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It’s no ho-ho-ho-holiday

It has been a rather odd holiday season. The main culprit is how tortuously long it has been, and we still have a week to go.
If you think about it, Christmas stuff was on display before Halloween. Then on Nov. 1, retailers pulled out all stops pushing product. If that weren’t bad enough, we adopted all the faux holiday trappings of Black Friday and Cyber Monday.
Nothing says Christmas in Canada more than going on a shopping blitz during U.S. Thanksgiving.
• • •
Launching Christmas at the beginning of November has had a couple of ill side effects.
The first is a sense of complacency. Being bombed with a barrage of all things Christmas in early November was a bit nerve-wracking at first. You check the calendar and note, “What me worry? December 25 is more than a month away.”
It’s a false sense of security, because just last week I checked the calendar. “Yikes,” I yelped, realizing that Christmas day is bearing down on me pretty quickly.
Another unfortunate byproduct of a two-month holiday season is we are saturated with Christmas music for far too long. A drug store got slapped by consumers for piping in tunes too early, but when is too early?
In the old days, a year or three ago, holiday music got plugged in at the beginning of December, not November. Be they Christmas carols or non-denominational winter tunes, a month of them is quite enough, thank you very much.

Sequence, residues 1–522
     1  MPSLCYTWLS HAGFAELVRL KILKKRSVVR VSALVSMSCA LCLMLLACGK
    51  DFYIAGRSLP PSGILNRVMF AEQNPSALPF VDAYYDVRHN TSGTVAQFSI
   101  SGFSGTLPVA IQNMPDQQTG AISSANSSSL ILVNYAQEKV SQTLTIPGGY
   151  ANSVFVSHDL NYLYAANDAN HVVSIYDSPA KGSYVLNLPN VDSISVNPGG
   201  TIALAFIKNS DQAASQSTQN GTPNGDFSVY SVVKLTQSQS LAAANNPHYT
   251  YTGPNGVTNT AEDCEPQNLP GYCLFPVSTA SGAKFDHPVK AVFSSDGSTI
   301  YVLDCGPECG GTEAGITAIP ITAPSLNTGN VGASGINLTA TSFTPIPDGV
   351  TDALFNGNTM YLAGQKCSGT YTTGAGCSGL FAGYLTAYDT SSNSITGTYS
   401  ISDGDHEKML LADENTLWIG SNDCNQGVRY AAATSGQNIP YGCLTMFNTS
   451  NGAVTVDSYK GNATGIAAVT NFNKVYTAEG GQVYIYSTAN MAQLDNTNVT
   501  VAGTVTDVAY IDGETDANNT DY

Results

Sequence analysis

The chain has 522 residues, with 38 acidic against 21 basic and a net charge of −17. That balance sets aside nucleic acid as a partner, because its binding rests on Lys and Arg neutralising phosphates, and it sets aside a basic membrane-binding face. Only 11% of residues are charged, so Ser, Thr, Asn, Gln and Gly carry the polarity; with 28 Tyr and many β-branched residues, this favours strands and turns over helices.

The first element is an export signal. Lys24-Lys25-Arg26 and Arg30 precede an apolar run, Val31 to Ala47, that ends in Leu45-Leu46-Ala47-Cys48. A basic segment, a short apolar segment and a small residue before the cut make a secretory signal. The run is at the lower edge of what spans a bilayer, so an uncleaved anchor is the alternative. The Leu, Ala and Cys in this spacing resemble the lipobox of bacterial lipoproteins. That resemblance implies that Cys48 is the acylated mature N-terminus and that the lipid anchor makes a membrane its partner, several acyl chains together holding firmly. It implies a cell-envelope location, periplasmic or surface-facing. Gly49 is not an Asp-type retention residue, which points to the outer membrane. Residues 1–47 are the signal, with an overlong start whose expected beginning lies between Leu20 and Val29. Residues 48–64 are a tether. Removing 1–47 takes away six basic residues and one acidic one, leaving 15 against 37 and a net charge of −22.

In fact, I know someone who used to set her car radio to one of those all-Christmas- songs, all-the-time stations in December. Not any more. It’s a case of too many Christmas songs way too early. Getting tired of Christmas is a rather sad commentary.
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On the topic of Christmas songs, there’s the classic I’m Dreaming of a White Christmas. I saw on the news the other day that if you were to graph white Christmases, they have been steadily declining over the years. White Christmases were the norm in my day. Apparently not any more. How sad is that?
• • •
Last but not least, be it November or December there’s the same debate about saying Happy Holidays as opposed to Happy or Merry Christmas. However, some active Christians can get downright aggressive about saying holiday versus Christmas.
It’s silly, really, in that I have never come across anyone, regardless of their faith, who takes offence hearing Merry Christmas. On the other hand, I have encountered many who take offence at Happy Holiday.
What’s wrong with that picture?

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